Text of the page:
Building Coalitions for Development: Around Australia

Last year, the United States and the United Kingdom made explicit statements recognizing development as a key pillar of foreign policy. In the United States, it was done with panache. President Biden appointed Samantha Power as USAID Administrator and elevated the role to the National Security Council, “to ensure that our development agenda is a central pillar of our foreign policy.” She was candid in describing USAID as a “remarkable force for global progress” in addressing the world’s greatest challenges.

In the UK it wasn’t quite as flashy, but it was a sea change when the government moved from separate white papers to producing a Integrated review of security, defence, development and foreign policy. This included a commitment that “the UK will remain a global leader in international development” and return to devoting 0.7% of its gross national income to development when the budgetary situation permits.

The value in both cases lies in governments giving a more central role to development. While there are potential risks that should not be ignored – for example, co-option, securitization and short-termism – the benefit is to articulate at the highest level the important role of aid and development in promoting each country’s foreign policy objectives.

In Australia, although there have been some positive signs, they haven’t gone that far. The prime minister has talked to use all the elements of statecraft to shape the world we want to see. There is increased whole-of-government coordination through Pacific Office and in the reinforced investment in Southeast Asia. But the international development strategy needs to be renewed, and at a time when global development aid is on the rise, Australia is an exception in that its development aid is now at its lowest percentage of the federal budget in years. 1970.

We are a far cry from the emphasis placed on development in the United States and the United Kingdom. Is it too ambitious even to try?

In this context, a new initiative has been launched to promote the importance of development in a balanced approach to Australian foreign policy. Asia-Pacific Dialogue on Development, Diplomacy and Defense (AP4D) at support senior leaders from each community to imagine new ways of working across policy silos on issues of common concern.

To some in the development sector, this might at first seem like a threat to the sanctity, history and practice of traditional development. For others, it’s just a practical necessity – given that the challenges Australia and the region will face over the next decade constantly arise at the crossroads of geopolitics, security, economics and Australia’s place in the region. For AP4D, this is the necessary next frontier, to build the consensus Australia needs to invest in and coordinate the elements of statecraft to have influence in a contested world.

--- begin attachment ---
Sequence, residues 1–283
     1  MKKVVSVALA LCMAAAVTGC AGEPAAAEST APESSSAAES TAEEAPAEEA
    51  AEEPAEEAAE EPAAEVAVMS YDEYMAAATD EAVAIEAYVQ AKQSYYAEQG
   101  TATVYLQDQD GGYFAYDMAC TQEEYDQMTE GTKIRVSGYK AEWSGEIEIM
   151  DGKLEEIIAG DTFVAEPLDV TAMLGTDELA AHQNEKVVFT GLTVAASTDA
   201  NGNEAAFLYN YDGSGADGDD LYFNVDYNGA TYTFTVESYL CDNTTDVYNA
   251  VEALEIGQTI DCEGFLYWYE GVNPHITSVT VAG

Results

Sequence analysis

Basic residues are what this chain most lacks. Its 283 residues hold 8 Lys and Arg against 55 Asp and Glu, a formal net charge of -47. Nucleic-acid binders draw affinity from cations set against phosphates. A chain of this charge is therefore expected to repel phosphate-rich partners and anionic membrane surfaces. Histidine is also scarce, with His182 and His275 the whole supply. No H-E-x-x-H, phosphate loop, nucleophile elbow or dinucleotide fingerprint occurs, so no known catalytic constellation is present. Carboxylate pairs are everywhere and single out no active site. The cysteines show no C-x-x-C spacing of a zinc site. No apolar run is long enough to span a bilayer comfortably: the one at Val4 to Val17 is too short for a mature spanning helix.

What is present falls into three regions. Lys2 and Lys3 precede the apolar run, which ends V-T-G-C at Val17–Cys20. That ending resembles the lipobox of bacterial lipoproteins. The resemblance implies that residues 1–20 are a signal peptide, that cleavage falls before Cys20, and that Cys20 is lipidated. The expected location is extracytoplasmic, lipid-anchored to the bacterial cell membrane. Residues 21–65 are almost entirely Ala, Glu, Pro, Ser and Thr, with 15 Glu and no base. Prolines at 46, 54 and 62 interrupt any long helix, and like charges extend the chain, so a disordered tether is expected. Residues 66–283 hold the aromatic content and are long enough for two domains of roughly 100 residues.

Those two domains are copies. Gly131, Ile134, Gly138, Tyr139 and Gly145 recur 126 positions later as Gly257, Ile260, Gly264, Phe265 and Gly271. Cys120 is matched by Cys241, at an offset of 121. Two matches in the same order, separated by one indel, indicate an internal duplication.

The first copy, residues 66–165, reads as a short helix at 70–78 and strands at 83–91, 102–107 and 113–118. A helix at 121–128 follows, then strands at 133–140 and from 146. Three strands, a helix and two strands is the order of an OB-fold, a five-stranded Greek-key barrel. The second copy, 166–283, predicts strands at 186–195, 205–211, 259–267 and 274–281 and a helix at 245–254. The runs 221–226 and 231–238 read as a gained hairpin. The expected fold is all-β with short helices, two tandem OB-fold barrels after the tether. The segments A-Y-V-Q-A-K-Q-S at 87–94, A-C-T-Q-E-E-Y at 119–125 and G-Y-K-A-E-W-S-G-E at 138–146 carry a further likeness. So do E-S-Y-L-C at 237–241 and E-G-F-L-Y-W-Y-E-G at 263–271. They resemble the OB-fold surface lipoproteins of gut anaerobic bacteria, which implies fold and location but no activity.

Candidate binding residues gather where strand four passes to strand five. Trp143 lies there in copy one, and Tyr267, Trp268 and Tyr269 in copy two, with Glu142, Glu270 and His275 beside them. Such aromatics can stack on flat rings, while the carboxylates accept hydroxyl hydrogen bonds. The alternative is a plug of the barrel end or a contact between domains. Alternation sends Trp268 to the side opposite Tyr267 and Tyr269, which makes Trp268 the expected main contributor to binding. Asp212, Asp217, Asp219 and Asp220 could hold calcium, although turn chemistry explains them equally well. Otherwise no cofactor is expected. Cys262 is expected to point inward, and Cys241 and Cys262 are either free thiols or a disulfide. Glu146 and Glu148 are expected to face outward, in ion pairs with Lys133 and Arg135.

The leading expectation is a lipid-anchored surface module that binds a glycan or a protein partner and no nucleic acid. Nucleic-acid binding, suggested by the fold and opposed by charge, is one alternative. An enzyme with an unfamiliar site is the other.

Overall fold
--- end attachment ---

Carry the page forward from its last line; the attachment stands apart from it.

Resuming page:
AP4D recently released Australia and Southeast Asia – Shaping a Shared Future. Drawing on consultations with more than 150 people across all three sectors, the report showcases development cooperation as one of the main ways to engage with the region.

One area he focuses on is strategic coherence: ensure that different parts of government use their capacities for common international objectives. It’s very difficult for a country to have the various elements of government and society at large working together in a common cause. For example, the Future Fund was critical for investing in businesses linked to Myanmar’s military, contrary to diplomatic efforts to halt the supply of arms.

But for development goals to be achieved in the future complex world, coherence must be found between security interests, economic interests and development issues such as justice and the rule of law.

This means agreeing on clear overarching strategic objectives to guide all of Australia’s international work; then understand the distinct role of each actor in contributing to these objectives. Differences in mission and mandate must be recognized and agencies and programs allowed to specialize in what they do best. For example, while development cooperation can play a useful role in providing flexible and responsive assistance, its key and unique added value is in making sustainable contributions to long-term development and relationship building.

This type of process creates a new dynamic. It builds a development-friendly constituency while breaking down traditional barriers; for example, advocating that a development budget including both official development assistance (ODA) and non-ODA components can fund valuable programs in areas such as peacebuilding and stability in government.

Building future-proof development solutions requires new coalitions. Such coalitions can argue that shaping Australia’s strategic environment is a job for all three elements of governance. Each has a distinct and complementary role to play, applying the right resources in the right combination to be most effective. We need new ways of thinking, which is worth supporting.

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AP4D is hosted by the Australian Council for International Development and receives funding from the Australian Civil-Military Centre. The views represent those of the authors only.


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